Judging from old pictures and maps, raw ore was dumped through these hatches, stamped into a rough powder, and hastily sorted before sending the best ore to the mill. Mills charged by tons of rock sent to them, so it did not pay to send them obvious tails.

Sifters with Manlift

On the upper floors where the sunlight is yellow–the color of flour dust, once exposed to the elements.

ADM-Delmar #1- Skyway Demolished

Panorama from where the skyway connected the cleaning house and elevator. ADM Meal Storage is to the right, ADM-4 is to the extreme right, and Kurth is on the left.

Back Door

Looking out of the “back door”, where equipment could be lifted into the factory with a crane. The bottom of the coal conveyor can be seen outside.

Lost Going Nowhere

This was one of two skyways that went between production line offices. It’s easy to tell because it’s not reinforced for machinery to travel through it. I also like that it’s a double-decker, so to speak.

Ghost Truck

A string of vehicles have found death at Packard recently. Usually they are simply driving up ramps and pushed off the rooftops, but this one seemed destined for a worse fate. Found in the far corner of the far building.

Entre

An unplanned skylight. It’s unclear why some parts of the building had wooden roofing, while others were highly reinforced with brick.

Warehouse Elevator – (C)SUBSTREET

One of the clusters of elevators. Doors would open on both sides so that vehicles could be moved through them if necessary. There is only one set of stairs in the whole building.

Still Studebaker

Between the room with mold sand and the space where the car’s metal bits would be put together, a pillar is marked as structurally vital.

Stair Problem

These stairs were probably removed to discourage scrapping and graffiti. Ask me if it worked.

ADM-Delmar #4- Top of the World

The spectacular, if precarious, view of downtown Minneapolis from the roof of ADM Annex 4. Note the great messages left by various graffiti artists who made it to the spot.

Banksy Ripoff

At this junction where Brewery Creek gets a breath of fresh air stands a kid holding a paintbrush: a Banksy (famous graffiti artist) ripoff.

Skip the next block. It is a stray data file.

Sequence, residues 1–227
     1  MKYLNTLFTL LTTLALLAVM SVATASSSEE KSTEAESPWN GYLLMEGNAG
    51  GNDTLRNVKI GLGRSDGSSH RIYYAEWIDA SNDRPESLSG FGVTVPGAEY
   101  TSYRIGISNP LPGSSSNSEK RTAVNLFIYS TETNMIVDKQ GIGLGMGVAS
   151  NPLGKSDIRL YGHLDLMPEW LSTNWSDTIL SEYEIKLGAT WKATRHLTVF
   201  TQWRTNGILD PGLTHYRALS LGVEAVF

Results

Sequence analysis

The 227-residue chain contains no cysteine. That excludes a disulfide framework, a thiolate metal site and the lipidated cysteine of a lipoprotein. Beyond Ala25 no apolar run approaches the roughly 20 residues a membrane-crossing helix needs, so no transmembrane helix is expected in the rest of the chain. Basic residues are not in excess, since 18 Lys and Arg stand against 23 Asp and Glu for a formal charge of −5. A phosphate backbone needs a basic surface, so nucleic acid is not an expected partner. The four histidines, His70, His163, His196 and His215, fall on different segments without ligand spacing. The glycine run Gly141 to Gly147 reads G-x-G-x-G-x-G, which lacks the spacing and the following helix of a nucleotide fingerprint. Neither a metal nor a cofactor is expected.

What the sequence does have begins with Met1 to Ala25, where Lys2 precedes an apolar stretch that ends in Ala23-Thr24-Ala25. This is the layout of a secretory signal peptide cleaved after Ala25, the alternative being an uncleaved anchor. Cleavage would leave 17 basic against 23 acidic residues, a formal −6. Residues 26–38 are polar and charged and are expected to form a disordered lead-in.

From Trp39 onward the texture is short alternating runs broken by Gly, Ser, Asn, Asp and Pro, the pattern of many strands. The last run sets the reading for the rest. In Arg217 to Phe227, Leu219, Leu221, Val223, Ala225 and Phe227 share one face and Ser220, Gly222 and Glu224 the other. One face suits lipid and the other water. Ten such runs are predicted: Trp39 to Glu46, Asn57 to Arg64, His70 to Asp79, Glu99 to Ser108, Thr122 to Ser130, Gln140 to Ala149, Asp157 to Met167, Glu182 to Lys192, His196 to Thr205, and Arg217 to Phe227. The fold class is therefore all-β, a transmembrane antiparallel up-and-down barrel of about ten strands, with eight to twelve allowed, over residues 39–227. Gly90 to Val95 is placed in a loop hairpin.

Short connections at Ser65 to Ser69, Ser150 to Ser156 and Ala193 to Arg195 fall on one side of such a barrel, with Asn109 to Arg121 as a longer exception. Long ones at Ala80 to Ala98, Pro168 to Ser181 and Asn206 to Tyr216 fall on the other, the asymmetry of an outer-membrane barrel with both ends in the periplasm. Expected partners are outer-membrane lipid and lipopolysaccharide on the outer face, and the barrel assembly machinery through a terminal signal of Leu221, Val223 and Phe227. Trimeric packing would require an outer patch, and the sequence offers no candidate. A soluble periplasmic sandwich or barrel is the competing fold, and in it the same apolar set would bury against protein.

Orphan Chapel

From the boarded-up choir loft above the chapel, minutes after sunrise. Obviously local kids have long had their way with this landmark.

Elevator Pulley

Scrappers tried to take this steel pulley out of Fisher, but it proved too heavy.

Brach’s Interior Corridor

Where the trees are sprouting–below the skyways and criss-crossing pipes–are two sets of railroad tracks that turned through this narrow alleyway through the middle of the production line to drop off raw materials and pick up finished product.

Profile – (C)SUBSTREET

Sunset came fast, and when the good light died inside the Industrial Loft, I walked around the back to find the whole complex glowing.

One More for the Clipper

The Clipper was one of the most popular Packards, but its production was cut short by WWII. Had they produced the car instead of Rolls Royce plane engines I imagine there would might be driving a Packard today, rather than a Ford.

Fort Liege Sign

A sign facing the city on an exterior wall–a sort of motivational poster.

SWP4- Offices

I wonder if these windows were bricked after the 1950 explosion with the hopes that, if another silos blew, the people in this office would be better protected.

Danger Room

What I make out to be the dining room or great hall of the castle, as seen through of the side rooms, which appeared to be a very ruined library. Teenager graffiti looks cooler in French.

LP Hand Warmer

Inside the west portal is a big liquid propane hand warmer, for workers to take the cold off their gloves as they handled the switches and doors of Cramer Tunnel. Mamiya GA645 / Kodak Pro 400

Slagway

Between the catwalks of Furnace 6, the molted ore would flow through the chute.

Drop-Dead Hoist-House

Hanging over the crane cab, looking over at the trane-sized doors below. The steel beam tracing the left wall is the support for the gantry crane this photo was taken from.

Bunker Beam

In one of the hundreds of bunkers across the busy highway from the empty plant ruins. Most did not have doors, but I got lucky on this one.

Treppenflur

One of the staircases that connected the lab, the plant, and the offices.

Stack Poof

Death. About two seconds after the explosives were triggered.

Ghost

The concrete annex elevator had interesting graffiti. Much of it from the 1980s and 1990s.

To Station – To Offices

Inside the main entrance to the depot. Through the ‘To Station’ door, you can see some of the news stands. Look at the floor!